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Modern design and sustainability in Lakeview

Some new construction on Harrison Avenue in Lakeview may have caught your eye, but you may not realize it's a modern house in more than just looks.

A brilliant, yellow porch leaps out at you.

"People often ask about the little oval windows," Architect Judith Kinnard said. 

Some have dubbed it the Swiss cheese house, but Kinnard and design partner Tiffany Lin calls it the Sunshower house.

"We decided that those two themes the sun and water collection would play a huge role," she said. 

Solar panels bask at 22 degrees to the southern sky and rainwater drains into the funnel shaped roof.

"We have one gutter."

That singular pipe drains through a filtration system into a rubber reservoir beneath the house for later use.

In New Orleans regulations require that rainwater can only be used for irrigation, but in other parts of the country and world that collected water could be used for daily household use.

A dividing wall between the kitchen and living area is made of clay so it absorbs moisture and it's cool to the touch so it actually helps regulates the climate in the house.

The entire house is designed to reduce energy use, be strong and quick to build; the goal of a design contest in 2010.

"I think we were the only women who entered and we won," Kinnard said.

Oceansafe makes insulated steel panels. They partnered with Woodward Design and Build, C & G Construction and The Regen Group to create housing that can be shipped into disaster areas as quick shelter kits, but function as permanent housing.

"It's a four inch panel and this is how it's made and it's very much like what you see around a cooler wall," Richard Dupont with Woodward said.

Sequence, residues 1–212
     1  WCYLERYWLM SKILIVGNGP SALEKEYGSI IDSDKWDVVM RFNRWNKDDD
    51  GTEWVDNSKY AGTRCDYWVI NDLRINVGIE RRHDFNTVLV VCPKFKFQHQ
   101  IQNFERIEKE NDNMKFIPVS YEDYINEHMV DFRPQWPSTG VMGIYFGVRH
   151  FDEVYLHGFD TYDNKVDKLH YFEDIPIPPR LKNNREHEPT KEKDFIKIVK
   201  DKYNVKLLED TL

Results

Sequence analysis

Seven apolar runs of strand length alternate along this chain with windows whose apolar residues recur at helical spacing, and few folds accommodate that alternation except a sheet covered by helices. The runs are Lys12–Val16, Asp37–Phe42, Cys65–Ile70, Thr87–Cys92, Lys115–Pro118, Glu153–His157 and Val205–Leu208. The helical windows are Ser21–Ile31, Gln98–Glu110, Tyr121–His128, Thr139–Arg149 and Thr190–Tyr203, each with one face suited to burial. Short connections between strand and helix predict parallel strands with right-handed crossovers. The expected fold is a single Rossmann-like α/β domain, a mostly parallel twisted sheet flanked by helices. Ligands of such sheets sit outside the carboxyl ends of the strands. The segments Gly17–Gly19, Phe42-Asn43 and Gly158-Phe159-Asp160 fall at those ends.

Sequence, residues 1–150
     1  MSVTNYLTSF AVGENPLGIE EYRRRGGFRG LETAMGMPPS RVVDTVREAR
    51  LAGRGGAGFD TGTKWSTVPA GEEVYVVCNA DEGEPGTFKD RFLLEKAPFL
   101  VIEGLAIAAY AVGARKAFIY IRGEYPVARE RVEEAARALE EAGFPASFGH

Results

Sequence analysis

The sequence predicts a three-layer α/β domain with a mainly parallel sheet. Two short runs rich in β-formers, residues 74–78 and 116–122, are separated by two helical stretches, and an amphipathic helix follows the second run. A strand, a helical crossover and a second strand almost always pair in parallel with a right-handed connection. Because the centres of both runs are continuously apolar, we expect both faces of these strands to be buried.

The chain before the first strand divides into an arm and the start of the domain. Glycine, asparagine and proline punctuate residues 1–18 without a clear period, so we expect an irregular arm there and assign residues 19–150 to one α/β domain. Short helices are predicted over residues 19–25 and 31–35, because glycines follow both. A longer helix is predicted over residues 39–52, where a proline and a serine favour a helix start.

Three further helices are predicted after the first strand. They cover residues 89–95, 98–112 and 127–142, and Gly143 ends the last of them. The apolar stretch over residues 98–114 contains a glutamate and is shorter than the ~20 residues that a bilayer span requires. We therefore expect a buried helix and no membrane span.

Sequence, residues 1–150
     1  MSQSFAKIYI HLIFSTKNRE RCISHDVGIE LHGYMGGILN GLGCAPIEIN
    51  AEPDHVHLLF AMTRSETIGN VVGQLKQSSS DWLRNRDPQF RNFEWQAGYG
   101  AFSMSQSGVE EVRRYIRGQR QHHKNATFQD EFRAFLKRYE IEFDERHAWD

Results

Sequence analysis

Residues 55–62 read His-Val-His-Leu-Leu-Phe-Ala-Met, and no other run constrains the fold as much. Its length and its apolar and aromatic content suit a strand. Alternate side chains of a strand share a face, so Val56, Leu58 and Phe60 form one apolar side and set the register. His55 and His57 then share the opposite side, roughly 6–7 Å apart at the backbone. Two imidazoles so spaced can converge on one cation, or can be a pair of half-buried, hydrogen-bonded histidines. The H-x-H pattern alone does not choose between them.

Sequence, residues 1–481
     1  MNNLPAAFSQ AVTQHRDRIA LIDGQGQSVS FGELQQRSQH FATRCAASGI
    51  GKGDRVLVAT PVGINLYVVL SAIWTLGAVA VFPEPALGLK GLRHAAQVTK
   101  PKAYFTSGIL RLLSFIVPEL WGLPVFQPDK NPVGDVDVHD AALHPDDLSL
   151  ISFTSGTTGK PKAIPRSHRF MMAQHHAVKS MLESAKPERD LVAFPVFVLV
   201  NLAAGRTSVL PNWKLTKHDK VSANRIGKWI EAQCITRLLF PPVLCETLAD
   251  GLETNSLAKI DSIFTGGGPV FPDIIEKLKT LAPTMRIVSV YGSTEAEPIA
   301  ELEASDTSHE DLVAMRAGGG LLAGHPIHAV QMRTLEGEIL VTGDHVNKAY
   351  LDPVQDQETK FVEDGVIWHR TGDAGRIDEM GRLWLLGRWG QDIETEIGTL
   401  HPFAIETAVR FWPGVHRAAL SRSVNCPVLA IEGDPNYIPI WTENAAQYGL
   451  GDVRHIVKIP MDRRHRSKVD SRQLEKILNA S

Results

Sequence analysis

The walls can with stand 155 mile per hour winds and it's off the grid features make it more likely to survive and thrive in a future disaster.

"The reason why he targeted this market place is because New Orleans is growing out of this storm event and there are a lot of creative and innovative ideas that have come out of Katrina that we all experienced," he said. "We had to bring stuff in from far away so when you forget something on a job site you have to go make that long trip, with this product everything is delivered you don't have to make those second and third trips."

This project has a global market with interest in countries like South Africa, Iraq, Haiti, Brazil and Japan.

The green aspects just make it more desirable.

"We've been all focused on cars and other consumption devices, but buildings are the biggest consumers. The more we do to reduce energy consumption, demand on water systems, the better we will ultimately have an impact on the earth," Dupont said.

It's a local home with a potentially global impact. The Sunshower house is still a work in progress. Dupont says it's his job to figure out how much a home like this will cost once all of the options are considered.

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